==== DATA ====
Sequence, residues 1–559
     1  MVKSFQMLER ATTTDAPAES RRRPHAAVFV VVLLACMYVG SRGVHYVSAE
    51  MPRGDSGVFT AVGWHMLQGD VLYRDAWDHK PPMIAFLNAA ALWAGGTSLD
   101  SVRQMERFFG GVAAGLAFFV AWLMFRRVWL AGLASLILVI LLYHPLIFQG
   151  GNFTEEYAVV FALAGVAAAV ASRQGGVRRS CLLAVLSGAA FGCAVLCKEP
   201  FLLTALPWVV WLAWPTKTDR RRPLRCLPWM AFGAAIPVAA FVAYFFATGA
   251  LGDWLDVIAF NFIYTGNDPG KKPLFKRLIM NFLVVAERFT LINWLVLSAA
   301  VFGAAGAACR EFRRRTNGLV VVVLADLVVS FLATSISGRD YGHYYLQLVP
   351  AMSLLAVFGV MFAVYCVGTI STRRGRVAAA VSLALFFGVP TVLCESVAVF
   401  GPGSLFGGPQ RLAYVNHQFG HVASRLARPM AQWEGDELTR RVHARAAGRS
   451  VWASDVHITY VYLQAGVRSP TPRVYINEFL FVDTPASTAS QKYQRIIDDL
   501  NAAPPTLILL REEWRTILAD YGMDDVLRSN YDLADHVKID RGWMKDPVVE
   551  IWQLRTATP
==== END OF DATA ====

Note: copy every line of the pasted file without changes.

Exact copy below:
Sequence, residues 1–559
     1  MVKSFQMLER ATTTDAPAES RRRPHAAVFV VVLLACMYVG SRGVHYVSAE
    51  MPRGDSGVFT AVGWHMLQGD VLYRDAWDHK PPMIAFLNAA ALWAGGTSLD
   101  SVRQMERFFG GVAAGLAFFV AWLMFRRVWL AGLASLILVI LLYHPLIFQG
   151  GNFTEEYAVV FALAGVAAAV ASRQGGVRRS CLLAVLSGAA FGCAVLCKEP
   201  FLLTALPWVV WLAWPTKTDR RRPLRCLPWM AFGAAIPVAA FVAYFFATGA
   251  LGDWLDVIAF NFIYTGNDPG KKPLFKRLIM NFLVVAERFT LINWLVLSAA
   301  VFGAAGAACR EFRRRTNGLV VVVLADLVVS FLATSISGRD YGHYYLQLVP
   351  AMSLLAVFGV MFAVYCVGTI STRRGRVAAA VSLALFFGVP TVLCESVAVF
   401  GPGSLFGGPQ RLAYVNHQFG HVASRLARPM AQWEGDELTR RVHARAAGRS
   451  VWASDVHITY VYLQAGVRSP TPRVYINEFL FVDTPASTAS QKYQRIIDDL
   501  NAAPPTLILL REEWRTILAD YGMDDVLRSN YDLADHVKID RGWMKDPVVE
   551  IWQLRTATP